Press Releases

Tuesday, July 11, 2017

Study suggests residential care premature for many seniors

Supports enhanced home care approach: WRHA

July 11, 2017 - A report released today by the Canadian Institute for Health Information (CIHI) suggests that approximately one-third of seniors entering long term residential care could potentially live at home with appropriate support.

The report, "Seniors in Transition: Exploring Pathways Across the Care Continuum", states that approximately one in five (22 per cent) of seniors who enter residential care have "low to moderate" care needs and could potentially be supported at home. Of the jurisdictions contributing to the study: Ontario, Saskatchewan, Alberta, British Columbia, Yukon and Manitoba (WRHA only), the number was lowest in British Columbia (15 per cent) and highest in Manitoba (33 per cent).

"The report validates what we're seeing - that a number of seniors are being prematurely placed into residential care when there could be better options for them," said Gina Trinidad, Chief Operating Officer, Community Health Services and Long Term Care. "Supporting seniors in the community helps them sustain a higher quality of life, avoid unnecessary hospital stays and perhaps even prevent long term care placement entirely. The approach also improves patient flow, ensuring hospital beds are available for individuals that are acutely ill. Matching patient need to the right patient care environment is critically important, and what we're seeing is that the right care environment for many seniors is the community."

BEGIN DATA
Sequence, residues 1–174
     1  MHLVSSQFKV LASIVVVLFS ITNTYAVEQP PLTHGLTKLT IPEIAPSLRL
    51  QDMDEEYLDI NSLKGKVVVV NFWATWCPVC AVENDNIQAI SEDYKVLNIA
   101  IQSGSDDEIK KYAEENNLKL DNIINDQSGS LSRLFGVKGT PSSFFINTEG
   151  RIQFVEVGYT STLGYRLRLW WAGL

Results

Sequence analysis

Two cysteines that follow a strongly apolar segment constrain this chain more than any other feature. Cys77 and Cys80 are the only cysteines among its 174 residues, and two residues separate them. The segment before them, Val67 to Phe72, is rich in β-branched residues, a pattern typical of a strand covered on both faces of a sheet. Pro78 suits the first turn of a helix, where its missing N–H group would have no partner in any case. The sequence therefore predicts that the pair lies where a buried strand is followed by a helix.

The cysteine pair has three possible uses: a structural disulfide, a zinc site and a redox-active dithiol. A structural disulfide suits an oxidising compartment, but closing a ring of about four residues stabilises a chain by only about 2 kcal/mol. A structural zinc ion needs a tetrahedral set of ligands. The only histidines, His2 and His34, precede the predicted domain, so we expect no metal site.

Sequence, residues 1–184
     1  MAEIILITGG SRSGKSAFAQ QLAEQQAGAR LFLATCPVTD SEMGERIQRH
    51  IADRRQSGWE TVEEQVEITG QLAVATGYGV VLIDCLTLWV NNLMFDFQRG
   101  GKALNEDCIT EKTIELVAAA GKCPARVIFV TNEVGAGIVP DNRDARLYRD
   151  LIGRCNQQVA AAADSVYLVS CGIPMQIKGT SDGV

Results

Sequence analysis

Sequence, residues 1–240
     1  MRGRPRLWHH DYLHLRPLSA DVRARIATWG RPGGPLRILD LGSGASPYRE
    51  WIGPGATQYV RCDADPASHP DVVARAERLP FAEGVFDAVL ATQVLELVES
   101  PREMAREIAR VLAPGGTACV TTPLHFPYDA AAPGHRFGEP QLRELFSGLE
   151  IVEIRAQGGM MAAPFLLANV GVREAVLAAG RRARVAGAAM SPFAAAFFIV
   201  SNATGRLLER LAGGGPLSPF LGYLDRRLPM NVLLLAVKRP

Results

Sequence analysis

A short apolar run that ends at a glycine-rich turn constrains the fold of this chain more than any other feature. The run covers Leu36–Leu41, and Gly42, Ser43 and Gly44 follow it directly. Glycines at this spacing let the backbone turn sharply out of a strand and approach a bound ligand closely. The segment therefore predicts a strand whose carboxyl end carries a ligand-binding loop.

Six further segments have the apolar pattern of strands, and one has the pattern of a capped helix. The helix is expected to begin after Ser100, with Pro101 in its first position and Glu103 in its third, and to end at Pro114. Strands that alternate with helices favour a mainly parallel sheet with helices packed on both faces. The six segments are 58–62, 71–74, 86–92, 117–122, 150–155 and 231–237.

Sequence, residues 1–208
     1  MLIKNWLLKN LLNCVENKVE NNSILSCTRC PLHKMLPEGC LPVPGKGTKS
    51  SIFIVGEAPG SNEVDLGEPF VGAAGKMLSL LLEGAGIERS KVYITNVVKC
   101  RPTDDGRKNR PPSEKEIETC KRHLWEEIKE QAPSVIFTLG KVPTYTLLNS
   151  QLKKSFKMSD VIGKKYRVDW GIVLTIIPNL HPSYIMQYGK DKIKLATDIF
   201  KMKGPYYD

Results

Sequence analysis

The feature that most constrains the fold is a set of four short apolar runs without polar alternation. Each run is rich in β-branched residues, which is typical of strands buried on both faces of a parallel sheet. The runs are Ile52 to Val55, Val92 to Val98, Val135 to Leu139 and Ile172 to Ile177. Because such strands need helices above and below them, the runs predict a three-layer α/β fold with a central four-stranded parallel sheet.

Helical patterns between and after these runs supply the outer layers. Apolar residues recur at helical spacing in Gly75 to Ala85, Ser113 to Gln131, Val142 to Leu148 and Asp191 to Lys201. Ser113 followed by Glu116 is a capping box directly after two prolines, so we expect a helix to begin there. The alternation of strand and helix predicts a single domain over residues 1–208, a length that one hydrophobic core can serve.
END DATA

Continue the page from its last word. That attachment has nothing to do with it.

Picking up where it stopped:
Trinidad emphasized that long term care is the right choice for some, but not all, seniors. This is especially true of those assessed in hospital, from where, according to CIHI, a senior is over six times more likely to be admitted to residential care than a senior who receives that assessment in the community. The evidence, says Trinidad, supports the WRHA's proposed implementation of enhanced home care services.

"We want to strengthen our community resources so that seniors who are able to live in the community can do so for as long as possible. It not only promotes a better quality of life for those with low to moderate care needs, it can improve overall health outcomes, too."

The WRHA enhanced home care plan would see an increase in specialized resources to provide short-term intensive home care and community-based supports.

For more information contact:

Bronwyn Penner-Holigroski
(office) 204-926-7868
(cell) 204-794-2254
bpennerholigroski@wrha.mb.ca

Anne Bennett
WRHA
(p) 204-926-7178
(c) 204-794-2831
abennett4@wrha.mb.ca

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